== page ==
Microsegmentation is a security technique that splits a network into definable zones and uses policies to dictate how data and ...

  • Wi-Fi 6E

    Wi-Fi 6E is one variant of the 802.11ax standard.

SearchSecurity
  • incident response

    Incident response is an organized approach to addressing and managing the aftermath of a security breach or cyberattack, also ...

  • MICR (magnetic ink character recognition)

    MICR (magnetic ink character recognition) is a technology invented in the 1950s that's used to verify the legitimacy or ...

  • What is cybersecurity?

    Cybersecurity is the protection of internet-connected systems such as hardware, software and data from cyberthreats.

SearchCIO
  • privacy compliance

    Privacy compliance is a company's accordance with established personal information protection guidelines, specifications or ...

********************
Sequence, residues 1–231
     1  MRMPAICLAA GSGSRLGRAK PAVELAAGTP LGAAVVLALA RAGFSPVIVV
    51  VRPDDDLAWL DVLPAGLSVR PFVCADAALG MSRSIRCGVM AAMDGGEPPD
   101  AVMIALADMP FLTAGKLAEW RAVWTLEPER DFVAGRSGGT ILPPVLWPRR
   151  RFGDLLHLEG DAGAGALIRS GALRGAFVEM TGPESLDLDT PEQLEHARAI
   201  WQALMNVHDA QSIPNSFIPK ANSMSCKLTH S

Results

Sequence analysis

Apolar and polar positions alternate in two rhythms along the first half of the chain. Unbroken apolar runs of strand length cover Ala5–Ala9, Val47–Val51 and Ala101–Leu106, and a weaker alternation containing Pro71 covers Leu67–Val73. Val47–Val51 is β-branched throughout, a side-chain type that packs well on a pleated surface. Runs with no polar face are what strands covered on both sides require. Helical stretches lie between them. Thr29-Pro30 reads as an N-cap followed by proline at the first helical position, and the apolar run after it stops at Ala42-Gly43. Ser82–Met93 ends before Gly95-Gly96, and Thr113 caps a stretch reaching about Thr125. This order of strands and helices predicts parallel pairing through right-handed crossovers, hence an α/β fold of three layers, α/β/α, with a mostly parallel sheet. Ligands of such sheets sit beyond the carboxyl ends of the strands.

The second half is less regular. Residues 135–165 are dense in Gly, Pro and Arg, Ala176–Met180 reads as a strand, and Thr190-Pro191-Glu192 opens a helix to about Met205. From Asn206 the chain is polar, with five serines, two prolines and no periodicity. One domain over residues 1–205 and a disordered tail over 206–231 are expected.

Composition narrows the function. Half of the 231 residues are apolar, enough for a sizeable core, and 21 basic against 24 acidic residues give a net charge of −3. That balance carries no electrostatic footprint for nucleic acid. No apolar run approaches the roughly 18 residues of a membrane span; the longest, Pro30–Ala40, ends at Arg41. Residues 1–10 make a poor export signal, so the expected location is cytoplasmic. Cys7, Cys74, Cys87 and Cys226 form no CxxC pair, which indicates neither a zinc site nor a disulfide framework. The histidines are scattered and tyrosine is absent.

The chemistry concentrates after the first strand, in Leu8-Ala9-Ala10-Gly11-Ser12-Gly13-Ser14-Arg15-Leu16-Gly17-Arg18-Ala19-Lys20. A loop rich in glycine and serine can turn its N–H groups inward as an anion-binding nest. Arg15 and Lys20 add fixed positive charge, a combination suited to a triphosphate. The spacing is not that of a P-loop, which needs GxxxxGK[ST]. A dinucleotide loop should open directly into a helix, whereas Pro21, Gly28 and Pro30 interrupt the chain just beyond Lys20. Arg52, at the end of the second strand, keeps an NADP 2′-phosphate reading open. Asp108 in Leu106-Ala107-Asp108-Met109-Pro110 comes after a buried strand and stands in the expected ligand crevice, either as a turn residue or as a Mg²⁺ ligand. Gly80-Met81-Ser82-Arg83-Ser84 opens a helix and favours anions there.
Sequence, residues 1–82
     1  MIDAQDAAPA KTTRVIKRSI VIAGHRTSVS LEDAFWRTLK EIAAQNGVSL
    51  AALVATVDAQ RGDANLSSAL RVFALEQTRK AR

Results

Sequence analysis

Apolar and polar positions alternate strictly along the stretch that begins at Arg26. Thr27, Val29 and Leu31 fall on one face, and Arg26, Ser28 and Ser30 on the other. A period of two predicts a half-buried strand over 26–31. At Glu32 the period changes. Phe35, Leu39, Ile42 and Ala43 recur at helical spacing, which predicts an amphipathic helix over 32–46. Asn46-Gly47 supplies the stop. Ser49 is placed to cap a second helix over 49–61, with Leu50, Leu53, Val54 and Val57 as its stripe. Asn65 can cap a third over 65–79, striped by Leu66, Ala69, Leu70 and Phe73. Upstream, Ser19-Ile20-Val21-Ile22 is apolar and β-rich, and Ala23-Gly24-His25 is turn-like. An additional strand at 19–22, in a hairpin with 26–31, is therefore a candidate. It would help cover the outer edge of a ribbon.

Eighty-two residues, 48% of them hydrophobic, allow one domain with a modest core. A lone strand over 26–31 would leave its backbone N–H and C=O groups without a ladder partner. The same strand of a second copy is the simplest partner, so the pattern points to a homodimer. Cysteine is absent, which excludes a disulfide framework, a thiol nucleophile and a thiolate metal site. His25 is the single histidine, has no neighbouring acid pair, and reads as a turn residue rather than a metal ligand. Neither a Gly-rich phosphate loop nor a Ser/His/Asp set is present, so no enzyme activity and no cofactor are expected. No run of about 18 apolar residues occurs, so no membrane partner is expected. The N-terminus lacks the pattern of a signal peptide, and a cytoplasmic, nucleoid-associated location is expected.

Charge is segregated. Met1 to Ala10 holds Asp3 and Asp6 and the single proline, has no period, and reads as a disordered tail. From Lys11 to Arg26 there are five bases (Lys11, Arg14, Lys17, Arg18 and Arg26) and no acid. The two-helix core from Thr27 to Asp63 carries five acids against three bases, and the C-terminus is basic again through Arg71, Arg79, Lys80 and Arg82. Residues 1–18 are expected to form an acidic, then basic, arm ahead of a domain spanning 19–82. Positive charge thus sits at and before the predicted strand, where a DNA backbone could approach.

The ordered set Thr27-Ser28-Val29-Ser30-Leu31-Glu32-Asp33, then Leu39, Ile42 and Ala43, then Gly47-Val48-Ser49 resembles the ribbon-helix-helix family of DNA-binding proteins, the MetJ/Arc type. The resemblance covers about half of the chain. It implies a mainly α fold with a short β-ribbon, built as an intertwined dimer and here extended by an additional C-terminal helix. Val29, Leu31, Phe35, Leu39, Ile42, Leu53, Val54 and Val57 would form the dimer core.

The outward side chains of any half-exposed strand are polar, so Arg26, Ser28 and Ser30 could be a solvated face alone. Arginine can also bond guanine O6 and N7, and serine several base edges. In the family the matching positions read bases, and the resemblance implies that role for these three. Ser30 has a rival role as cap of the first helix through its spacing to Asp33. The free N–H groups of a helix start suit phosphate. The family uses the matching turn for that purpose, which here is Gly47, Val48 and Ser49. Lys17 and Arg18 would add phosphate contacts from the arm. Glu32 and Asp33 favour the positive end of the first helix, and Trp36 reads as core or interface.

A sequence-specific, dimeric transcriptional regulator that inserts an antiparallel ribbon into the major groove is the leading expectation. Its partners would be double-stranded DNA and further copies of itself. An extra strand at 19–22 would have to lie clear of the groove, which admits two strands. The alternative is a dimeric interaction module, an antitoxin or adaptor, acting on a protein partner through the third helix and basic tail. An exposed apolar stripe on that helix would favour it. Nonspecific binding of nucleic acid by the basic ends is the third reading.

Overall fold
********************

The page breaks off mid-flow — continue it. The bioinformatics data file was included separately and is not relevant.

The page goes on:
• contingent workforce

    A contingent workforce is a labor pool whose members are hired by an organization on an on-demand basis.

  • product development (new product development -- NPD)

    Product development, also called new product management, is a series of steps that includes the conceptualization, design, ...

SearchHRSoftware
  • talent acquisition

    Talent acquisition is the strategic process employers use to analyze their long-term talent needs in the context of business ...

  • employee retention

    Employee retention is the organizational goal of keeping productive and talented workers and reducing turnover by fostering a ...

  • hybrid work model

    A hybrid work model is a workforce structure that includes employees who work remotely and those who work on site, in a company's...

SearchCustomerExperience
  • hockey stick growth

    Hockey stick growth is a growth pattern in a line chart that shows a sudden and extremely rapid growth after a long period of ...

  • Salesforce Trailhead

    Salesforce Trailhead is a series of online tutorials that coach beginner and intermediate developers who need to learn how to ...

  • Salesforce

    Salesforce, Inc. is a cloud computing and social enterprise software-as-a-service (SaaS) provider based in San Francisco.

Close